Blankenship house, and they are building a replica on the site of the house.
The mind of Samuel Clemens was absolutely brilliant.His observations on the world, his pithy
sayings; they survive to this day and are just as funny, just as cogent, just
as piercing as they were when he first wrote them . . . or uttered them on the
Clemens would adopt the name "Mark Twain" and go
on to make a fortune, then lose it, declaring bankruptcy, then pulled out of
bankruptcy . . . built himself a lovely home in Connecticut . . . and would
eventually die there.
During all these years, the books of Mark Twain, most
notably "Tom Sawyer" and "Huckleberry Finn" put Hannibal, Missouri, on the map.Today, somewhere between 50,000 and over
100,000 tourists each year visit the city for Twain-related events.
Had it not been for Twain . . . Hannibal would be just another river town .. would have remained small, nondescript . . . perhaps
drifting off to nothingness.
But, because of Twain, it is
today a thriving community.Still small, around 18,000, but vibrant.Good people live there.Kind people.Helpful people.
He was pleased that a lovely gal, Ila
Bunn, and her boss, Henry Sweets, of the MarkTwainMuseum, took him under their wing, made
a computer and the Internet available to him so he could make a deadline for
his paper.Ila, the always smiling Ila,
gave He and She a private tour.Being
media does have its perks, he thought.One of them is meeting folks like Ila
and Henry.Both are, as you would
imagine, very knowledgeable about Samuel Langhorn
Clemens.Henry, in particular, is a
storehouse of knowledge about him.This
you would expect from a former History Teacher and holder of several degrees,
including Museum Science.
Going upriver they had Missouri on their side of the boat, going
down river they had Illinois on their side of the boat.They were amazed at the seeming tranquility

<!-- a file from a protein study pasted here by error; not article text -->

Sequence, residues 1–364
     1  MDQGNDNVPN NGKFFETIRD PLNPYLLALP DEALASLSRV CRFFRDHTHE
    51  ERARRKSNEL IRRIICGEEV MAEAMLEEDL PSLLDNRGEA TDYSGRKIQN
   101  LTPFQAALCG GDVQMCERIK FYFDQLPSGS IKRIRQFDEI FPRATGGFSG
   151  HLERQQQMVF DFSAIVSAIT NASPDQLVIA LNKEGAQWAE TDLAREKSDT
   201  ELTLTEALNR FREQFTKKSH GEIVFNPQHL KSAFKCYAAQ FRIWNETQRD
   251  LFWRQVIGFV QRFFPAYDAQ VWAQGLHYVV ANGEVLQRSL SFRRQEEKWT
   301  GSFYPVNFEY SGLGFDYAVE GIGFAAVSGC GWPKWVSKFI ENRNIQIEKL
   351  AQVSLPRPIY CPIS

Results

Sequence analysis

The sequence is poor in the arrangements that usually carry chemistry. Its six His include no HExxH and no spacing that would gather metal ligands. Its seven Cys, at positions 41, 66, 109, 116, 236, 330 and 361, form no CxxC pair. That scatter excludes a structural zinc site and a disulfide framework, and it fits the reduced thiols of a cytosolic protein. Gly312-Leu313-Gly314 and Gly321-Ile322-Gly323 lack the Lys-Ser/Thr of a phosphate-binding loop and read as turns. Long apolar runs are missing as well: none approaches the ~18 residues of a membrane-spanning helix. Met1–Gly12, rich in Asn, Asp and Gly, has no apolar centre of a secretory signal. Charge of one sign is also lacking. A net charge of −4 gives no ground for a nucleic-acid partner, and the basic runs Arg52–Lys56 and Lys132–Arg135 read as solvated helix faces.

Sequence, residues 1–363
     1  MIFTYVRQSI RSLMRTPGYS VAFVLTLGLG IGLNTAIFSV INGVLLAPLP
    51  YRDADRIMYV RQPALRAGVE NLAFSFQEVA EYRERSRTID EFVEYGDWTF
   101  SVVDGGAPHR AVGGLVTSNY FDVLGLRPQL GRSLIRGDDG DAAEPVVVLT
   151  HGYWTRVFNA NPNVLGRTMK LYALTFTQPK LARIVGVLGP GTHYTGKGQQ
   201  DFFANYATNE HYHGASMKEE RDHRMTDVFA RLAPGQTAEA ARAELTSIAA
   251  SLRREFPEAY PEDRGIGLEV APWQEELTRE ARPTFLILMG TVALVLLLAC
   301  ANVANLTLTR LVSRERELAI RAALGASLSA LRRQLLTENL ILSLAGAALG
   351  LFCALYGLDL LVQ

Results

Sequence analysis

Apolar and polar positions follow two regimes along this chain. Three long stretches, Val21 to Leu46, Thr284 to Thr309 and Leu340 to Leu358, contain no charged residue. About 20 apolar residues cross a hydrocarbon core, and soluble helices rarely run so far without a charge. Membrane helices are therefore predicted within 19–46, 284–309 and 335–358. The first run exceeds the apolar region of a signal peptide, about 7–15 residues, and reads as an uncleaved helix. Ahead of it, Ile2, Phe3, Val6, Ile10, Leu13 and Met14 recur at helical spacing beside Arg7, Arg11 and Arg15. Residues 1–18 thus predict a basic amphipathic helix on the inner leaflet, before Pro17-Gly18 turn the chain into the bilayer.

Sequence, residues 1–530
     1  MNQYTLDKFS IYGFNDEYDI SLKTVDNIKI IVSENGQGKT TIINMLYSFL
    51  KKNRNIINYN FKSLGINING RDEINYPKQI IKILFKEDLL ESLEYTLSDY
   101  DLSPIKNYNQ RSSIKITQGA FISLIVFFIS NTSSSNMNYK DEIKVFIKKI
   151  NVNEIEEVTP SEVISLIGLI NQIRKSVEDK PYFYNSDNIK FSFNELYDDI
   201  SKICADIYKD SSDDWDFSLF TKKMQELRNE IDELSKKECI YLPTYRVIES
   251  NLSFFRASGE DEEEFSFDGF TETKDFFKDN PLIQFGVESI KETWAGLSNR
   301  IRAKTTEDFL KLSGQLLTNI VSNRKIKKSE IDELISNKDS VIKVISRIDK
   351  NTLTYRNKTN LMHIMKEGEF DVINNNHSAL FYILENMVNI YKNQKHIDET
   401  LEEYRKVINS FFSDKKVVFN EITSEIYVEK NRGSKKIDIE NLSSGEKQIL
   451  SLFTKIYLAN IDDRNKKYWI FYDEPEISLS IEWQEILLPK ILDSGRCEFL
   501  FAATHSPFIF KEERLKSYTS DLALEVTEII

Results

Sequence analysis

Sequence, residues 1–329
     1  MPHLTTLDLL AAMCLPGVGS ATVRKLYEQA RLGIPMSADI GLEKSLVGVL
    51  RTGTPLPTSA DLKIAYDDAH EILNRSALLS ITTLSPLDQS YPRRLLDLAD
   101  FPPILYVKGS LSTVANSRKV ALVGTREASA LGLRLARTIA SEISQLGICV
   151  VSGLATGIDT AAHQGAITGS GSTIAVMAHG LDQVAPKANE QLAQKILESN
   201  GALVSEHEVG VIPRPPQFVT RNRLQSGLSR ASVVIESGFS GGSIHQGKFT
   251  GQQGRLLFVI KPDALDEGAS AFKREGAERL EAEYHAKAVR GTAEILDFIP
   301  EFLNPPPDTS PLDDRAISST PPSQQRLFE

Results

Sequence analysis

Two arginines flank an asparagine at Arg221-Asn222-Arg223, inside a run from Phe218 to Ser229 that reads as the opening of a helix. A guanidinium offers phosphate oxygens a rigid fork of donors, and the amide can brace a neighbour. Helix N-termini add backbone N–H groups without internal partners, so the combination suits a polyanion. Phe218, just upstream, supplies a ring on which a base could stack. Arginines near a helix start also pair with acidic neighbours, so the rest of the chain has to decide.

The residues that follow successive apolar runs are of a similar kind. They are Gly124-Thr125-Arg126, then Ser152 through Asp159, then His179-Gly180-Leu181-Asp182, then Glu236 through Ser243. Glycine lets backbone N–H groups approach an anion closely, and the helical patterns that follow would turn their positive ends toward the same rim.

of the river yet it was clear that this was a powerful, treacherous river.In Hannibal the river was two feet above
flood stage at 16 feet; in an earlier flood the river had risen to 32
feet.Even so, today we saw many homes,
on stilts, surrounded by water.
One home they saw had been crushed by a falling
tree.The raging river had eroded the
dirt surrounding a tree that was, perhaps, a hundred years old.The earth gave up its hold on the tree and it
toppled over, demolishing someone's riverfront summer home.There were luxury summer homes, there were
cheap and ugly mobile homes, their were shanties,
there were little more than camper shells.The River spared none.They were
all subjected to flooding and, to some, destruction.
These are big boats.The Mississippi Queen is 382 feet long and generates 2000 horsepower of
energy with her watertube type boilers.It's an all steel boat with three main
rudders, two rudders aft and one bow thruster.She carries 107,800 gallons of fresh waer and
carries 329,000 of Bunker C(#6) type diesel.If we estimate the cost of diesel at $1 per
gallon we're talking $329,000 each time this boat is fueled.A tank of fuel should last about 16 days so
we're talking a pretty expensive operating cost just for fuel alone.Add in the fact that the ship carries 157
crew members to service up to 422 passengers (a ratio of about one staff member
for every 2.7 passengers. These 422 passengers are accommodated in 208
To get some idea of the commerce of The River one need
only recognize that it is quite common to see a towboat (for they are not
called tugboats on The River) with two to three barges.
Think about this for a moment.
Each barge carries 1500 tons.A large semi-trailer truck by comparison carries
26 tons.Thus, when you see a three
barge tow, which represents 4500 tons of material being moved, you would have
to see a convoy of 174 semi-trailer trucks on the highway to carry an
equivalent amount of material!To take
this one step further, if you have a 15 barge tow (which though not as common
as a two the three barge tow is not uncommon) you would see some 22,500 tons of
material being moved.Now let's match
that up to what it would take our nation's trucking fleet to move the same
amount of material.You would need . . .
. aconvoy of 870 semi trailer trucks to move
an equivalent amount!This, we suspect,
would cause just a wee bit of a traffic jam on our nation's highways.
The River . . . the Old Man . . .
Mississippi.It's clear that Native Americans, whom we call Indians, were the first
to use the Mississippi.The Sauk and Kickapoo Indians called it Meche-Sepe.The
Menomonee called it Mecha-Sepua.The Chippewa called Meze-Zebe,
and the Ottawa called it Mississ-Sepi.In all these slight variations, mecha, meche, meze,
and mississ mean the same thing: large or big.Sapa, sepua, sepe, zebe,
and sepi all mean: river.So the correct translation of any of these
words is "large river."
This large river was at first negotiated by canoe.That soon proved inadequate for
settlers.Being innovative, they created
the flatboat and rafts.They were often
crudely built for a one-way trip, then loaded with cargo and floated downstream